Google I/O ’21 recap: Search, privacy, Android, Wear OS, and more…


The 2021 Google I/O keynote was streamed live from the company’s Mountain View campus this morning, looking very different from previous years. Even though the event is virtual this year, the live keynote covered several upcoming Google technologies and updates for the thousands tuning in on YouTube. In case you missed it, here’s a quick overview of what the tech giant covered this morning.

Estimated reading time: 8 minutes

Sundar Pichai, CEO of Alphabet and Google, started by covering the past year and some of the ways the company helped teachers, students, and other people connected and informed during the pandemic. Some of the new features coming soon have already been announced, like eco-friendly and indoor routing in Google Maps.

Google Workspace

Over the past year, work is no longer just a place with so many more people working from home. Chromebooks and Google’s collaboration tools like Google Workspace and Meet have helped keep people connected. Smart Canvas is the latest addition to Google Workspace. The new feature will allow distributed teams to better plan projects with tasks, tracking, and next steps.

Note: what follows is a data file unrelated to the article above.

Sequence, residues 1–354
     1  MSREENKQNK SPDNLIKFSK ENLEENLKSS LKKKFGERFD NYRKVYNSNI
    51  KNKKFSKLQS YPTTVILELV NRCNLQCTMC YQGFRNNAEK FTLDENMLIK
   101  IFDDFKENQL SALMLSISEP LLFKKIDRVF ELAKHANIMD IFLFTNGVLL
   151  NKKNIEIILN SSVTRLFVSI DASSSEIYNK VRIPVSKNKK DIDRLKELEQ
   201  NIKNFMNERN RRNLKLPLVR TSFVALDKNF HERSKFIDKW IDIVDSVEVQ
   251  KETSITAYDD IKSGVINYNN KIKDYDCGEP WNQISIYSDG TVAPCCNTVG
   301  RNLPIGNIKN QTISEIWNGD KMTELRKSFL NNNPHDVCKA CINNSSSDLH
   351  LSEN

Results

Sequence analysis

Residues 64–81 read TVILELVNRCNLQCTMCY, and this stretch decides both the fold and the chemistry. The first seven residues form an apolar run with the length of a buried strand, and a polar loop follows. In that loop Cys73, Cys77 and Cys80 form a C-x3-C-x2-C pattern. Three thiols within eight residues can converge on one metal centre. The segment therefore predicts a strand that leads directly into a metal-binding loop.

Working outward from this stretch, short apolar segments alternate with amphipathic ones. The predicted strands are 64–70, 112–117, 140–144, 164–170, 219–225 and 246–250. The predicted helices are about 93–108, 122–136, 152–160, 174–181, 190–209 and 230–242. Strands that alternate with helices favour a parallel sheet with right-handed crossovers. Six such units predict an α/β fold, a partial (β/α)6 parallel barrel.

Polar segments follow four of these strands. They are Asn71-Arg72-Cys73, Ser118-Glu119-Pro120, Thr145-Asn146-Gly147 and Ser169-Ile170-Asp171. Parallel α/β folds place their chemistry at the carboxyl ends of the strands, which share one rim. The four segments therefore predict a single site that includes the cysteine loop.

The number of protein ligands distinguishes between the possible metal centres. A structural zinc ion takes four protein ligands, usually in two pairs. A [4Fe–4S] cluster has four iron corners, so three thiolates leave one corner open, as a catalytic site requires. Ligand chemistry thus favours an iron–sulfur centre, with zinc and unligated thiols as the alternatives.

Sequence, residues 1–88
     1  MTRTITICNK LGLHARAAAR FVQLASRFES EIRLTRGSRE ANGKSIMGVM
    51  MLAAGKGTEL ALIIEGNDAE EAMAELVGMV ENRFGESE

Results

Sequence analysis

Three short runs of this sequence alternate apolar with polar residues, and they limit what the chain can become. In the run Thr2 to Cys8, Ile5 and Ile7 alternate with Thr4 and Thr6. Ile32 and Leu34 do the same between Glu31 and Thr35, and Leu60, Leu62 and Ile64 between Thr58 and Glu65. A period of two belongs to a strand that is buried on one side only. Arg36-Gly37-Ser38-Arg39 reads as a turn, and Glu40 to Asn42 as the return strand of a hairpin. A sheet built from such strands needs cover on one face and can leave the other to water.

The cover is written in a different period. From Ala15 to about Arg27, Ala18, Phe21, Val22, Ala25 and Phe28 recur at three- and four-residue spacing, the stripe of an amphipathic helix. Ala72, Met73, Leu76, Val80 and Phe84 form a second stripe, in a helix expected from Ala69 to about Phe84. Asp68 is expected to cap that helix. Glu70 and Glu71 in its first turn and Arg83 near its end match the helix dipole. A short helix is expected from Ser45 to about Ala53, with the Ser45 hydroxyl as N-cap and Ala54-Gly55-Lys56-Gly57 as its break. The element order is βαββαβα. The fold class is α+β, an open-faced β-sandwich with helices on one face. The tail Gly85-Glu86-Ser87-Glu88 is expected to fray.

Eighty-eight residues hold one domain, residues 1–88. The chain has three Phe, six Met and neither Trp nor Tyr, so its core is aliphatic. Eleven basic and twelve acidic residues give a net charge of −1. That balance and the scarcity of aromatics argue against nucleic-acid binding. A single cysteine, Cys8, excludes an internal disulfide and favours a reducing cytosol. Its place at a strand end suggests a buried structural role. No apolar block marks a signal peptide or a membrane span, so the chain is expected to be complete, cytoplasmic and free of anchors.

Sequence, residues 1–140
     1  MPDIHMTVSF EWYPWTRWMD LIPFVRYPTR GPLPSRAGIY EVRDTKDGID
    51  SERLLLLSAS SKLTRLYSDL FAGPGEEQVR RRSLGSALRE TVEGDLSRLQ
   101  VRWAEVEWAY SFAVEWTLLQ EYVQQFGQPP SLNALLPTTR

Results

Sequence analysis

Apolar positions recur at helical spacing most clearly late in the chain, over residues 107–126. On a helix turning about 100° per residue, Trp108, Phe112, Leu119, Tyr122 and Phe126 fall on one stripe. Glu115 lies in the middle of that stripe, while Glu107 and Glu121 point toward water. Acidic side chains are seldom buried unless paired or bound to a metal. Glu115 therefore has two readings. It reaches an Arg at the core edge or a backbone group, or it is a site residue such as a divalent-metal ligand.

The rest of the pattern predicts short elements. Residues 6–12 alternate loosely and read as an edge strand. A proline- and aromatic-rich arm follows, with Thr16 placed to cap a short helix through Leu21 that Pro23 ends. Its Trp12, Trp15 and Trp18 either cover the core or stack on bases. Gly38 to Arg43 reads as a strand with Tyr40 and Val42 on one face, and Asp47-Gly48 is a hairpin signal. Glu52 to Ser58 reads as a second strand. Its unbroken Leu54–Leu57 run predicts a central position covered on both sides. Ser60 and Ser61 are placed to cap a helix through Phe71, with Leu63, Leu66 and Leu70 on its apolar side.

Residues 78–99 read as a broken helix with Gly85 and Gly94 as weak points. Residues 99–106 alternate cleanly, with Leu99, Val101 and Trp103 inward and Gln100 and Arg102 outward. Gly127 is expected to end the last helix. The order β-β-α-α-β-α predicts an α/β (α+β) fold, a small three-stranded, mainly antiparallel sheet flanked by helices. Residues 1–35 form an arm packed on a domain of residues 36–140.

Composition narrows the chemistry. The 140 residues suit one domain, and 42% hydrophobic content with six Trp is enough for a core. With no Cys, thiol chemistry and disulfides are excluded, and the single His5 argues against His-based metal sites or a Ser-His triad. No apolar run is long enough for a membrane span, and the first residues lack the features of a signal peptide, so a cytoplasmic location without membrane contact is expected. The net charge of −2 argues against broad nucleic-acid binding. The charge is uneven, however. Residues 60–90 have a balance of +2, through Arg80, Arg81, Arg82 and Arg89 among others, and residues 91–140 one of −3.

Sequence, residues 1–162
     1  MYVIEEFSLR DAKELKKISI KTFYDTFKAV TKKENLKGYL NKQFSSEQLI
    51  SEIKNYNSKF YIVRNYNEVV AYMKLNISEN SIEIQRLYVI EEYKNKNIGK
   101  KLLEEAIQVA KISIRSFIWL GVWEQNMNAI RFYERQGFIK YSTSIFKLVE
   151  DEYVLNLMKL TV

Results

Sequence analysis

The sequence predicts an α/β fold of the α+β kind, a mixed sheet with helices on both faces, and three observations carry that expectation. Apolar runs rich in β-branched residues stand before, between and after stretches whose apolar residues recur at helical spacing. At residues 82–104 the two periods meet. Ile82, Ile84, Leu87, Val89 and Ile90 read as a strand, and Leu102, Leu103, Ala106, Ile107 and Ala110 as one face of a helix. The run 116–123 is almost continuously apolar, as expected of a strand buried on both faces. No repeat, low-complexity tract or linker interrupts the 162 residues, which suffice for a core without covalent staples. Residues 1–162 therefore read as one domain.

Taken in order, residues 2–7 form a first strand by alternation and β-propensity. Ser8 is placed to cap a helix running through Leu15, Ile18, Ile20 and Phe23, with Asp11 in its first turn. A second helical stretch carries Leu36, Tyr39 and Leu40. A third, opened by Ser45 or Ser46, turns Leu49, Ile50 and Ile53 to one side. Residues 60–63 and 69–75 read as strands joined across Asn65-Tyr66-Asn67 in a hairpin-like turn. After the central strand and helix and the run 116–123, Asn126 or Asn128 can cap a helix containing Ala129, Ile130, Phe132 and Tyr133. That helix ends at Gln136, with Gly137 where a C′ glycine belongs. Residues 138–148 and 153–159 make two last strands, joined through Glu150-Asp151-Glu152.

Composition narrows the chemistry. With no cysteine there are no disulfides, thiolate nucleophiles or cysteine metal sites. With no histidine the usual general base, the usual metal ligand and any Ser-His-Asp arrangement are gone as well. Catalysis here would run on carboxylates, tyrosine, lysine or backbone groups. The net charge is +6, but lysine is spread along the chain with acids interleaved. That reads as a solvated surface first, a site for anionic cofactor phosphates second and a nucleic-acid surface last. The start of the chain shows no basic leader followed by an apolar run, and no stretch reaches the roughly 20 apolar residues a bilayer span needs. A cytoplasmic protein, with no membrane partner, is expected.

Search is important, and AI is making it even better, giving people the results they need quicker and more accurately. Over the past few years, features like Google Lens have become a key component of search and is used over 3 billion times each month. Live Caption on Android, another recent feature which captions just about any content on your Android device, generates 250,000 hours of transcriptions each day.

LaMDA allows for even more natural conversations when searching. Google showed examples of conversations with Pluto and a paper airplane, all using LaMDA and non-scripted answers. In other words, this feature uses AI learning to provide responses that keep the conversation open-ended and natural. Still in the research stage, this technology needs some more work as it does provide the occasional inaccurate response — like Pluto enjoying playing with its favourite ball, the Moon. At the moment, LaMDA is only trained using text, but Google is working towards multi-modal input like text, images, and voice. Some examples shown include asking Google to find a route with nice mountain views or even showing a user the part where a lion roars at the sun in a YouTube video.

Quantum Computing and Cubits

Next up, Pichai talked about TPU v4, Quantum Computing, and Cubits and how much faster computing is becoming. A bit over my head, but you can catch it in the video below if you wish.